Of course, some extra Cl2 will still make its way to the the reaction cauldron, but if we add some water to the mixture, I think it will destroy the anhydrous FeCl3 (or Al Cl3) thereby effectively brining the reaction to a halt and any remaining Clw should react with the water to form more HCl. So at that point, you can basically just neutralize the remaining HCl by some mild base.



Are you aware that you will mix Lewis acid and Lewis base? They will react very quickly and you will quickly loose all FeCl3 or other acid catalyst in reaction mixture.


Quote: Originally posted by Monoamine  

PS:An even more important question (and maybe a outside the scope of this post) are any of you aware of a protecting group that will protect the para positions of a para-ortho director, but no the ortho position? So if you wanted to make para chloro toluene only, then you could do this without doing the thing here and then having to somehow try to purify your products...


A convenient way of doing that would be defintely a sulfonation which is reversible and the compound can be easily desulfonated. Due to steric hindrance the sulfonation will substitute in para position (if performed just once).

[Edited on 20-7-2021 by Oxy]
View user's profile View All Posts By User
Monoamine
Hazard to Self
**




Posts: 74
Registered: 25-5-2021
Member Is Offline


[*] posted on 20-7-2021 at 15:22
Possible recipe to do this:


Ok, so I thought about it a bit, and I think that it may be possible to do like this:

I tried to sketch the general setup for this:

Chlorination setup.jpg - 951kB

Basically the general procedure would be:

Setup:

1) Set up a Cl2 generator (Lots of ways to do this, look on youtube).
2) Pass the Cl2 through conc. H2SO4 to dry it.
4) Place 1 mol of dry toluene together with 0.2 mol FeCl3 into a reaction vessel on a hotplate with magnetic stirring.
5) Pass the fumes from the reaction vessel through a solution containing 1 mol of dry triethylamine mixed with dry ether.
6) Finally, let the exhaust HCl and Cl2 fumes pass through water so you can recover some HCl (and a make a little HOCl), for later use (for instance to generate Cl2). Or just neutralize it at that point if you don't want it anymore...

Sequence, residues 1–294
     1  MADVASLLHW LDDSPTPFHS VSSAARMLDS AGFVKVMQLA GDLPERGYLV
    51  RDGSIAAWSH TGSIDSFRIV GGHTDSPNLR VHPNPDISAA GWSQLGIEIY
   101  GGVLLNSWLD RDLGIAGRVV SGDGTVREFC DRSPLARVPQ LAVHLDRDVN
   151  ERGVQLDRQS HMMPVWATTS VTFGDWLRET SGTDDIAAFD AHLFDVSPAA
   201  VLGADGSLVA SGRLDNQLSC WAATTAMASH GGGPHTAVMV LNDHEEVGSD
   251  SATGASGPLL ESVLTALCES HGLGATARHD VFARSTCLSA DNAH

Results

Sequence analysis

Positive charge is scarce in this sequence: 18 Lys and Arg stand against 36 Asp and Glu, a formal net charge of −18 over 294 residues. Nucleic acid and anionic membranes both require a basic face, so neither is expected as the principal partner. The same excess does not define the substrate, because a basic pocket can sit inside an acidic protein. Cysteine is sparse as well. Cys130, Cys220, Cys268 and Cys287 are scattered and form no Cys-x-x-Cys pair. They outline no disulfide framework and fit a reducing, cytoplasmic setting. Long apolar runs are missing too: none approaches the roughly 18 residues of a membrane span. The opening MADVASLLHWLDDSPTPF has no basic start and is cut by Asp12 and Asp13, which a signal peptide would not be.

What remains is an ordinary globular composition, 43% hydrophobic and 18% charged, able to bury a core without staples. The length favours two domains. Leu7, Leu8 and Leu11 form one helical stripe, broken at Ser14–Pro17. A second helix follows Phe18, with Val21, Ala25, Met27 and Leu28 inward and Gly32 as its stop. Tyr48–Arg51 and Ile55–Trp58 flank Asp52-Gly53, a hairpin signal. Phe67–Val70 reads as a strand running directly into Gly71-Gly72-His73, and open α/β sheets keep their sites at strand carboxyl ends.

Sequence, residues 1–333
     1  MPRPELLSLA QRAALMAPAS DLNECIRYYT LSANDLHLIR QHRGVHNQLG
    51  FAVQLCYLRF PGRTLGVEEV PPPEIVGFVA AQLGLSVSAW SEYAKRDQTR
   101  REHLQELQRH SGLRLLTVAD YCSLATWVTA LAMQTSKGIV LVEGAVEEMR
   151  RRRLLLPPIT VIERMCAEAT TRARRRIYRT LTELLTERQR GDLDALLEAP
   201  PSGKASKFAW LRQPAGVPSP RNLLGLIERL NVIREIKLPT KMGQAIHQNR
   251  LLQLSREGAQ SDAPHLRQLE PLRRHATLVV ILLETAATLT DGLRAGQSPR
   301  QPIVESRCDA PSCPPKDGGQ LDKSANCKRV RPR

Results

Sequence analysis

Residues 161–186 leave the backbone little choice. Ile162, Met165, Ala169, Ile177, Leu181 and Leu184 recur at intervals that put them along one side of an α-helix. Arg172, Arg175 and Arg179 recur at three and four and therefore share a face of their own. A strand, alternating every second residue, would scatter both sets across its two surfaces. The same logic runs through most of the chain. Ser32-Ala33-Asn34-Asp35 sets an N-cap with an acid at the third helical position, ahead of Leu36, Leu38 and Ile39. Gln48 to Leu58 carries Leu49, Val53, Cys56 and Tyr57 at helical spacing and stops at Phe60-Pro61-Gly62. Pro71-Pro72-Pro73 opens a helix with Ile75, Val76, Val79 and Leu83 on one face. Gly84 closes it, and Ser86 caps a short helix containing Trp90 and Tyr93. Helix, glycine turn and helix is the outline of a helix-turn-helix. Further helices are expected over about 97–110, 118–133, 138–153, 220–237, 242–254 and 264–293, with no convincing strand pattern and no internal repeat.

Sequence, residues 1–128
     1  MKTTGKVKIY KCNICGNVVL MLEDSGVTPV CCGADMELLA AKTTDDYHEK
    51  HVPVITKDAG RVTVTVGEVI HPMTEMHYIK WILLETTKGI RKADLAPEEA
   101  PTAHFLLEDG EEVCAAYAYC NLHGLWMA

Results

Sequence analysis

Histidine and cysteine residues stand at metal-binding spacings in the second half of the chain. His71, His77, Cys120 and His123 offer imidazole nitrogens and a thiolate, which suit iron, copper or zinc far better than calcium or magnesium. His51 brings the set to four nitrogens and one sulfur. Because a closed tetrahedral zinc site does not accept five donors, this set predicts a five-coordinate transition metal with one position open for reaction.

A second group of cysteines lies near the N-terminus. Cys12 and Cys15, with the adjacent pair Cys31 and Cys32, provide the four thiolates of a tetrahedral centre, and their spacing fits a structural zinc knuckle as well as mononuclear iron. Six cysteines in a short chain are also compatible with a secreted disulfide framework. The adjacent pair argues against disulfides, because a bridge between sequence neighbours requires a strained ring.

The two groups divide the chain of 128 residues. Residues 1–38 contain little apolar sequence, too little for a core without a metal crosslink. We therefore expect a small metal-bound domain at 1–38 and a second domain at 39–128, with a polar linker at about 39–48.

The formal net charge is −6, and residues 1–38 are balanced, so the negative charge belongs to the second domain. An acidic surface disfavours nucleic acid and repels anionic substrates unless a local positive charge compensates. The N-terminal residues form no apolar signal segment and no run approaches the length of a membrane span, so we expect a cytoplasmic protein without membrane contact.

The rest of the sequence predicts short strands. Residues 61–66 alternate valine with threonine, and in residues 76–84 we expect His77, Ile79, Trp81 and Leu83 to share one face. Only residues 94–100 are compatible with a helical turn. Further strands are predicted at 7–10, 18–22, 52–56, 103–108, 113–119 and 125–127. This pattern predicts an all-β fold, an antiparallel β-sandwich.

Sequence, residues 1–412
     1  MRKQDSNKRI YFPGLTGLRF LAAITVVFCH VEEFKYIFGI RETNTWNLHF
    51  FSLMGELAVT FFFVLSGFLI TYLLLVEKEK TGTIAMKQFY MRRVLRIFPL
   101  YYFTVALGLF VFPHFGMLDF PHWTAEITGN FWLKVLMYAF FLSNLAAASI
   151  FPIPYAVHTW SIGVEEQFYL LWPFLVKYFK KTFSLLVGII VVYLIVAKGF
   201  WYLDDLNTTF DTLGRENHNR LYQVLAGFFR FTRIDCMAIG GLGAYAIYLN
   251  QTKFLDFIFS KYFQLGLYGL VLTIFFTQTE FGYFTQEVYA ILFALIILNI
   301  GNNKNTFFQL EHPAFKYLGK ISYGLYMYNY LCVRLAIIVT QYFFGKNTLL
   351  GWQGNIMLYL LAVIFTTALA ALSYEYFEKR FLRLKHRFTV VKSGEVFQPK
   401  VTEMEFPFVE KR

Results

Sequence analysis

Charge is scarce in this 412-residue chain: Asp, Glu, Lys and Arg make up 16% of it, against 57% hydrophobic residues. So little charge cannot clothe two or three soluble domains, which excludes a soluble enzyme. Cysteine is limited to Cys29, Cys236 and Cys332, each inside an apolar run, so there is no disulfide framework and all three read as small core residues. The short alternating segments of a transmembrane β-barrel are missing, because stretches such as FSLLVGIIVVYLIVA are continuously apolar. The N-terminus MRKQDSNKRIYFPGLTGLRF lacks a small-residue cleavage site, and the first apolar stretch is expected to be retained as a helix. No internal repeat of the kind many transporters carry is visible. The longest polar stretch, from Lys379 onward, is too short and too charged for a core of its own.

Procedure:

Basically, the whole point of this is to be able to control the amount of Cl2 that participates in the chlorination and to avoid over-chlorinating the substrate.

1) Set up the apparatus as shown above.

2) Begin passing Cl2 through the reaction mixture.

3) So according to several places I looked this has to be done by adding "heat" (one of the most annoying terms in chemistry imo (come on we are scientists we know how to quantify temperature numerically...) Since I wasn't able to find what temperature this so called `heat' is, I would just start heating the reaction very slowly with stirring, until we can see the reaction begin. If anyone knows what temperature Friedel crafts reactions are usually done at please let me know!

4) Recall that whenever we chlorinate toluene we produce one molecule of HCl (as a gas) which, then passes through the triethylamine + ether solution, where it forms a salt (which is no soluble in ether and will therefore precipitate out of solution). This means that we know the reaction has started when we see precipitate forming in bottle 4. (Note that Cl2 does not react with either of these solvents and just passes through.

5) Finally, any excell Cl2 and HCl will then be bubbled through a solution of distilled water where the we get Cl2+H2O -> HCl + HOCl, allowing us to recover some HCl or simply neutralize the acidic fumes safely.

6) The reaction is done when the rate of triethylammonium hydroxide salt formation starts to get significantly slower.

7) At that point stop the Cl2 generation.

8) Remove vessel 4 and replace it with vessel 5.

9) To further quench the reaction, slowly add 0.3 mol of distilled H2O to the reaction vessel to destroy the FeCl3 via 2 FeCl3 + 3 H2O -> FeO3(solid) + 6 HCl(gas). The extra HCl will no go directly the the HCl solution vessel 5.
10) At this point all that's left to do is is remove the solids in the reaction vessel by filtration and to subsequently

10) Finally, separate the two product isomers. The only think I can think of is using something like column chromatography, but if anyone else knows a clever way then please let us all know!